Information Ownership
The organization storing the information owns it if it is given willingly…even if unknowingly by use of their sites (e.g. online surveys, credit card transactions, etc.)
Privacy Statements
Are stated policies from the organizations collecting the information and how they intend to use it. These are legally binding statements
Internal Use – used within the organization only
External Use – can be sold to outside parties
Spam (see Chapter 4 for definition)
This unsolicited e-mail can come from reputable sites selling your information. Possible problems from spam include:
Viruses in attachments or links
Added to other spam lists by responding
Slows systems by taking up resources disk space
These files stored on a computer do have legitimate uses but they also can:
Store and transmit information about online habits including, sites visited, purchases made, etc.
Prevent accessing sites when cookies are refused
Collect and combine information with other information to build a personal profile to be sold
These stealth computer applications are installed and then collect information about individuals without their knowledge. Currently this technology is not illegal
Spyware Issues
Spyware applications collect and transmit, or use, this information locally in several ways including:
Sale of information to online marketers (spammers)
Illegal uses such as identity theft
Modify user experience to market to the user by presenting ad banners, pop-ups, etc. (Adware)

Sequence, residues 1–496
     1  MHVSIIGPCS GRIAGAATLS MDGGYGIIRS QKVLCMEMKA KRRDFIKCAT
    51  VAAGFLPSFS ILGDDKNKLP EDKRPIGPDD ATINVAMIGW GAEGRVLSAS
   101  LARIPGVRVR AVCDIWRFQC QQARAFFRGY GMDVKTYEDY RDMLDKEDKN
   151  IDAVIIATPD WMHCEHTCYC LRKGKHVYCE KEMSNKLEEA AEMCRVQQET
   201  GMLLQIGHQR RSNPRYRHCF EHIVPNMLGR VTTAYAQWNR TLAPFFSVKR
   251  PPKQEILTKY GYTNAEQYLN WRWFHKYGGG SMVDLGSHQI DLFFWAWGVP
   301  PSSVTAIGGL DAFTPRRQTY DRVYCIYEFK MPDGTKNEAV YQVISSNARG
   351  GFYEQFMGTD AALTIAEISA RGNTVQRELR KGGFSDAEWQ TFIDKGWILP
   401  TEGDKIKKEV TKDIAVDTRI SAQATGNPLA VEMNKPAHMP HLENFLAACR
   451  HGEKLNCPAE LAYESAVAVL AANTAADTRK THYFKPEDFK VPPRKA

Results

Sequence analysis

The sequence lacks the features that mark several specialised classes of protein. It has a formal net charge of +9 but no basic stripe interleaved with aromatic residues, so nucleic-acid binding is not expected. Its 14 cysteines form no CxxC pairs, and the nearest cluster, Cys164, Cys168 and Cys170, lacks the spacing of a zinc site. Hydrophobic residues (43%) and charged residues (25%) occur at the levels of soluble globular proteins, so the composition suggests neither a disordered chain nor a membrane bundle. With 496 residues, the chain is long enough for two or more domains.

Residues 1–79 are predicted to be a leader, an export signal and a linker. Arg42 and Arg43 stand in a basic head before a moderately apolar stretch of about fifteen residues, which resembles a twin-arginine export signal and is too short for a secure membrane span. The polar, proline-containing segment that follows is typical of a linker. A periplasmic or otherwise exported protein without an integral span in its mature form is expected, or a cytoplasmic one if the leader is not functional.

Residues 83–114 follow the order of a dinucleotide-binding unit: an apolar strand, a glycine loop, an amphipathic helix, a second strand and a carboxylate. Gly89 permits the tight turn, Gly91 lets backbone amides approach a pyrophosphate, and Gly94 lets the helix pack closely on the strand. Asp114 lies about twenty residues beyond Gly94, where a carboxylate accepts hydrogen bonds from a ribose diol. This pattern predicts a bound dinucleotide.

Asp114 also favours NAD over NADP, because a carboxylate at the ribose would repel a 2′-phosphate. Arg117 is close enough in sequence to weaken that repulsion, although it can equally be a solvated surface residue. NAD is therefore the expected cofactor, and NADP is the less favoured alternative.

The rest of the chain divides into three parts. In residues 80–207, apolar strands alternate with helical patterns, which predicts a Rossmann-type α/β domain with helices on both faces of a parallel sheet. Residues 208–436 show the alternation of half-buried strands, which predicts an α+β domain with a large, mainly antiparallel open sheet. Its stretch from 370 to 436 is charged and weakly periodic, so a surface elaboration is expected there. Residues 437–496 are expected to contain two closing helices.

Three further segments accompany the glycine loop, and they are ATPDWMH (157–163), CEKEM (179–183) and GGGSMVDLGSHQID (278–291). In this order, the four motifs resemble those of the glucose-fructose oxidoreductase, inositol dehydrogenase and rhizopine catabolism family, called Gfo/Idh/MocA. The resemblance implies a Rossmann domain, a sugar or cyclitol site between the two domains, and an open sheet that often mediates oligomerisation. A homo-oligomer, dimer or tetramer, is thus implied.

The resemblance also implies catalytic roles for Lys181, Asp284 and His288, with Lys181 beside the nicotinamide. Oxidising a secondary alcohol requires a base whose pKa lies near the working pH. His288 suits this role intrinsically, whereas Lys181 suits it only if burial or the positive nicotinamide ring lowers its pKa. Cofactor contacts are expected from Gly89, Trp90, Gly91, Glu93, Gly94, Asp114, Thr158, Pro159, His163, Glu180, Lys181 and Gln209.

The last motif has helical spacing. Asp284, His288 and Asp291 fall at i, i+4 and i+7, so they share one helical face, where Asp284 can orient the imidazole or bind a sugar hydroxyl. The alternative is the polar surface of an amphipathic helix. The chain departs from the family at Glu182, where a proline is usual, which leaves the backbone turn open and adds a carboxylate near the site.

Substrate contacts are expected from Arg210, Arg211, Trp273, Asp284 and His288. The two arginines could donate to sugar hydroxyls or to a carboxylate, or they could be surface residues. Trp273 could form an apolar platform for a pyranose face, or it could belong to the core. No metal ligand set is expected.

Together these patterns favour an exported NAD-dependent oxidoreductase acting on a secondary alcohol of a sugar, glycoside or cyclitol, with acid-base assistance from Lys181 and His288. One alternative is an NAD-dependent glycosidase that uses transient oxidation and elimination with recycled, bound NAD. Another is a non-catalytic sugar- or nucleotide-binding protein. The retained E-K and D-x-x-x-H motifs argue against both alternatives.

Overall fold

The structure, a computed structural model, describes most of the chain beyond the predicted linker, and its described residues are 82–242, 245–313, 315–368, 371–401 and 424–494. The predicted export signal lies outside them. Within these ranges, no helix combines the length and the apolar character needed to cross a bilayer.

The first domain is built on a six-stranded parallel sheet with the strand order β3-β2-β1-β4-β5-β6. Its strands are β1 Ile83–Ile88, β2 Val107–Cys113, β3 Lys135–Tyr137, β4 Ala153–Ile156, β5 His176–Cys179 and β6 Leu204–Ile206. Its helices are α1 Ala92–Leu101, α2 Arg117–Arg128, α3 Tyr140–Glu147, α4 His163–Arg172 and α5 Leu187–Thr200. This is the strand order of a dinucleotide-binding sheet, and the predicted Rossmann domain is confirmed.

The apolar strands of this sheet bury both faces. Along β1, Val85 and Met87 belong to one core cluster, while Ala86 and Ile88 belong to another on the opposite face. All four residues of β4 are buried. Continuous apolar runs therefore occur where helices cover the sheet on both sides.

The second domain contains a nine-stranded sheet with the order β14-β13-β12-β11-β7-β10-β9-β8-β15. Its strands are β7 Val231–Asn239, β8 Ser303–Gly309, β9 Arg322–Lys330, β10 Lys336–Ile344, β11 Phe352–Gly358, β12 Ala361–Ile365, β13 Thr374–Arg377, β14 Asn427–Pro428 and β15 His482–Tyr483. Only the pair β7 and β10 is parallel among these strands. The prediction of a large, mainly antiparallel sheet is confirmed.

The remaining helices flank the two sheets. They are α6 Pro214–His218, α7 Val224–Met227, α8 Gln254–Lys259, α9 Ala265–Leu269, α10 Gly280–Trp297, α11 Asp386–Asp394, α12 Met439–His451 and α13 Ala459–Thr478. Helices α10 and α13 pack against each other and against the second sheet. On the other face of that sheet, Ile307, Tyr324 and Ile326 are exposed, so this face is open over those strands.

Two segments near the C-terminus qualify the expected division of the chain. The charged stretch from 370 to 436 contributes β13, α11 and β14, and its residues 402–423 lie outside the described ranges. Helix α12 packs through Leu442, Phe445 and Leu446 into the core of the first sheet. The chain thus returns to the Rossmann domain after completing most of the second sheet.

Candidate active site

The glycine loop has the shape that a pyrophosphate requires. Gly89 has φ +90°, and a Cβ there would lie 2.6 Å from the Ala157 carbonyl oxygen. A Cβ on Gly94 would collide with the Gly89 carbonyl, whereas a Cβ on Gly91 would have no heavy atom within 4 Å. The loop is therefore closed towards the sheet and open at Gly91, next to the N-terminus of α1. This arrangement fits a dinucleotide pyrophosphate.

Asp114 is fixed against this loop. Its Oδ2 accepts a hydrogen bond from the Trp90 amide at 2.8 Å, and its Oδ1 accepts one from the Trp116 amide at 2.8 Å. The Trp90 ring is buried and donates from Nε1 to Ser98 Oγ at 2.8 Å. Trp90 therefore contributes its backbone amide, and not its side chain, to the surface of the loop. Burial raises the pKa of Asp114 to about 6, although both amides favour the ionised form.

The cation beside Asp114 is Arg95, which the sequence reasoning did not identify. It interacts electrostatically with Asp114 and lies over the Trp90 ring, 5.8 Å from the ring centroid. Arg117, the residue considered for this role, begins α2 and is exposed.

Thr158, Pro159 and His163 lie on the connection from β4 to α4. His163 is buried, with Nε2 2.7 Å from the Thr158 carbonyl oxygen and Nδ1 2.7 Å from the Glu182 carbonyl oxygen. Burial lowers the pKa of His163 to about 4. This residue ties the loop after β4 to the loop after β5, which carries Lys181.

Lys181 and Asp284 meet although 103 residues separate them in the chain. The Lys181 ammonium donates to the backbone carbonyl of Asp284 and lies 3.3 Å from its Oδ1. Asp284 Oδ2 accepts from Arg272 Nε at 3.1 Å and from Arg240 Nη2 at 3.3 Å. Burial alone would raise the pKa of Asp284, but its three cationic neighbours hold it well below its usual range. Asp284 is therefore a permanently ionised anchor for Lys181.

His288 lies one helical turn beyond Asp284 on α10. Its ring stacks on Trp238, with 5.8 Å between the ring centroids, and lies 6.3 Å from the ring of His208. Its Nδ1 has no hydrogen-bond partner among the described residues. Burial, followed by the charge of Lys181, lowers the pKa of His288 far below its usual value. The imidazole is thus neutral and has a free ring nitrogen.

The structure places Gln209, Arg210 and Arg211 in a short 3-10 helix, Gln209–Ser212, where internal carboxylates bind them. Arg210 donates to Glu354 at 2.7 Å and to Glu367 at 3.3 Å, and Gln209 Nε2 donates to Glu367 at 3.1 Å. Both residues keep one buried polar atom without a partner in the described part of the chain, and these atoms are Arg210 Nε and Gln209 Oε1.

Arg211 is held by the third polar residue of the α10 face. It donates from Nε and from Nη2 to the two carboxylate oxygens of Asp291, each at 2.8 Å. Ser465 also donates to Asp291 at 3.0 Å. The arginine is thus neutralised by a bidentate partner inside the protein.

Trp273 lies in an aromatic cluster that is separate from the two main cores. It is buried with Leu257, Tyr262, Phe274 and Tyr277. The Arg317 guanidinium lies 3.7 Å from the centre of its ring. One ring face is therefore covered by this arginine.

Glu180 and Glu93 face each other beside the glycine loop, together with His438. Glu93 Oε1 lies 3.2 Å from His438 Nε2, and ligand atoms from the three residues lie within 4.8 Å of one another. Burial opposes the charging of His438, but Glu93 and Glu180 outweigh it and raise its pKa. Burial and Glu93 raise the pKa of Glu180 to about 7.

Information Accessibility
Concerned with defining what information a person or organization has the right to obtain about others and how that information is used
Who has access?
Besides personal access, other parties have the legal right to access and view private information including:
Government – using advanced software packages (e.g Carnivore), e-mail traffic and all online activity can be monitored in realtime or after the fact
Employers – they can legally limit, monitor or access activities on company-owned computers or networks as long as policy has been distributed to employees
Ethical Behavior
Illegal versus unethical behavior is an information age concern. Though activities are not explicitly illegal, questions exist of whether they are unethical such as:
Photograph manipulation/modification,
Unauthorized use of computers, & Information collection
Information collection
by companies compiling information to sell for profit